When it comes to privacy, both Google’s Chrome OS and Microsoft’s Windows 10 take an “opt-out” stance.
By default, both platforms collect a variety of data about your usage, but the way they go about it is often different. While Microsoft presents users with a long list of privacy-related toggles, Google’s controls are less granular. Both companies, however, make you jump through additional hoops to disable the kind of personalized ads that help them turn a profit.
PCWorld recently broke down all the ways Microsoft grabs at your data in Windows 10, so it’s only fair we compare that to Google’s computing platform. Here’s how Chrome OS and Windows 10 measure up on privacy and data collection.
Setting up privacy
During setup, Google isn’t overly interested in presenting lots of privacy options. Aside from a single toggle for usage and crash data collection, Chrome OS only lets you adjust privacy settings after the initial setup. And as you might expect Google enables a fair amount of data collection by default. (We’ll dive into specifics later.)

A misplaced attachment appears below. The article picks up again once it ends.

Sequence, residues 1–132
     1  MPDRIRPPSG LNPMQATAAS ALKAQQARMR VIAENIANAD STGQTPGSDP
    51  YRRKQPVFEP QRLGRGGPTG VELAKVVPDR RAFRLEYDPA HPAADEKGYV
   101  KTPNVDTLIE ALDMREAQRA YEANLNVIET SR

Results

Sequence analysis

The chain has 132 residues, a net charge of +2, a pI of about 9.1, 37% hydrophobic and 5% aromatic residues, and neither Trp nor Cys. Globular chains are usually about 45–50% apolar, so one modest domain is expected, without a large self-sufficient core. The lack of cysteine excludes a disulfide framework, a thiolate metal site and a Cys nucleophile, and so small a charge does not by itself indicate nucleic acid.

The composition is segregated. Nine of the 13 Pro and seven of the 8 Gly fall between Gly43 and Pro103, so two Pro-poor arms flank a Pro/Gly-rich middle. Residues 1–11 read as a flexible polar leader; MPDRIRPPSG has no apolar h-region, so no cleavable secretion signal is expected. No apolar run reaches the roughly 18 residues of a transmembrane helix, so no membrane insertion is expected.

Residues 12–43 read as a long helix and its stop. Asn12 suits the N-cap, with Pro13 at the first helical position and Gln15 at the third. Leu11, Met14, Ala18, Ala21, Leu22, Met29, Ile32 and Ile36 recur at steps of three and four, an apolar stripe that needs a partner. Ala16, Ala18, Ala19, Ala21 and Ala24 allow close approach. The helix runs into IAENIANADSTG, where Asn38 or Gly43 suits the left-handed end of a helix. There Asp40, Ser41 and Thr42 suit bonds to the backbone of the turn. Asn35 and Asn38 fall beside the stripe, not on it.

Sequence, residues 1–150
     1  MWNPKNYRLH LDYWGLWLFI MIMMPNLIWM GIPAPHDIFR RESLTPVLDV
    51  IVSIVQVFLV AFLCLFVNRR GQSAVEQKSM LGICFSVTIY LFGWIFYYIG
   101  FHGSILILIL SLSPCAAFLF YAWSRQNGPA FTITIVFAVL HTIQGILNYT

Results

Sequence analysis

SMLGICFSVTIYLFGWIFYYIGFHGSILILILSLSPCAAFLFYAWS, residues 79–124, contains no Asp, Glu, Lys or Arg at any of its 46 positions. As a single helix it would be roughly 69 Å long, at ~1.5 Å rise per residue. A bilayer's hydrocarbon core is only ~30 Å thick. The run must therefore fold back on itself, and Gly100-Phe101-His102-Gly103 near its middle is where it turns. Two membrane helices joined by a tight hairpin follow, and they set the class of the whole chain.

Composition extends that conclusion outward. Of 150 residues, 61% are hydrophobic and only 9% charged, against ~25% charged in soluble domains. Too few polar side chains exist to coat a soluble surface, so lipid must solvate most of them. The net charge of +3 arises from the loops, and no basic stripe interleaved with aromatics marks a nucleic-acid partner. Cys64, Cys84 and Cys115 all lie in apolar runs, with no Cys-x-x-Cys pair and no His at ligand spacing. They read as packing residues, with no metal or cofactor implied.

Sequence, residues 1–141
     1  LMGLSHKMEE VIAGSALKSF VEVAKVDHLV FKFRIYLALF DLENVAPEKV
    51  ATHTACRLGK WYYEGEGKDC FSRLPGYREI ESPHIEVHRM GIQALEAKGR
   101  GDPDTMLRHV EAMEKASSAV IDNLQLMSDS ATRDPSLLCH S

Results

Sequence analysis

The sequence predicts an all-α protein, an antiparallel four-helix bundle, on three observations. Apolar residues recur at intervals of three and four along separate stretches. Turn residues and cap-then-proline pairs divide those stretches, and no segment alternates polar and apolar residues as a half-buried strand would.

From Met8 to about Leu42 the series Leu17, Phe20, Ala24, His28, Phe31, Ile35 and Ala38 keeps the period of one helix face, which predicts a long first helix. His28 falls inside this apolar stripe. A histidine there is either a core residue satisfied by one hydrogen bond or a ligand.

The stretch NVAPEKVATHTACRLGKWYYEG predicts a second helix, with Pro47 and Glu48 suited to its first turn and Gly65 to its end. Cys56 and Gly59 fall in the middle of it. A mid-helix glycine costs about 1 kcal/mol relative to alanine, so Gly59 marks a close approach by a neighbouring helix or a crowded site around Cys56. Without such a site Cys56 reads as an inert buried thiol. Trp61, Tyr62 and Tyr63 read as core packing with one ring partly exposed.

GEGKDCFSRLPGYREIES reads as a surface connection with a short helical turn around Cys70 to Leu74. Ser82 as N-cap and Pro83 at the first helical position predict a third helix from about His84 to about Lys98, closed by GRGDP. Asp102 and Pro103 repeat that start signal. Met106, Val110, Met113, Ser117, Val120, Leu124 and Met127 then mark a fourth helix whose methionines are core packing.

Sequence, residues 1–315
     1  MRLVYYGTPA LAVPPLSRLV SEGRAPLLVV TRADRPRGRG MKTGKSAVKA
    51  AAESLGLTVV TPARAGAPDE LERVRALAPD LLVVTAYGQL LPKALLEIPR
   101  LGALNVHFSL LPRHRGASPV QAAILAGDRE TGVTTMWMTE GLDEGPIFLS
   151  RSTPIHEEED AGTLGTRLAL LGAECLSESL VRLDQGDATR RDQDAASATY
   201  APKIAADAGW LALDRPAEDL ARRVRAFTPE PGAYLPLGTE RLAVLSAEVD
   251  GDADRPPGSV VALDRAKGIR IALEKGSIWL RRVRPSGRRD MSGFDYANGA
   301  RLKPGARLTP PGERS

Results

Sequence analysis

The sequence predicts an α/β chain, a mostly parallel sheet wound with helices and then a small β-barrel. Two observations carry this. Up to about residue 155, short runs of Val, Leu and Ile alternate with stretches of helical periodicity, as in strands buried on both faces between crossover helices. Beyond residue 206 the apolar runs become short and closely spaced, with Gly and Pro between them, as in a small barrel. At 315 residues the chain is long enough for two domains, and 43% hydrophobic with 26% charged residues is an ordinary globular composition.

Microsoft’s “Express” settings in Windows 10 are similarly aggressive, but at least you have the option to customize many settings before the operating system is up and running. By choosing custom settings, you can adjust nearly every aspect of data collection in Windows 10, from behavior tracking to location data to telemetry.
Collecting your typing
One of Windows 10’s more controversial settings involves the collection of typing, handwriting, and speech data, which is supposed to help Microsoft auto-correct people’s names. This isn’t exactly a keylogger—Microsoft says it filters and slices up the data to avoid collecting personal information—but it’s still a bit creepy. It’s also enabled by default in Windows 10.
[ ALSO ON CSO: Six browser plug-ins that protect your privacy ]
Chrome OS offers a similar setting, called Use a web service to help resolve spelling errors, but it’s disabled by default. Turning it on lets Chrome OS tap into the same web-based spell check that Google uses for its search engine, but in exchange you have to send everything you type to Google’s servers.
During setup, Chrome OS’s sole privacy-related checkbox opts to Make Chrome OS better by automatically sending usage statistics and crash reports to Google. This is checked by default, and you must click a Learn more button to understand what you’re agreeing to.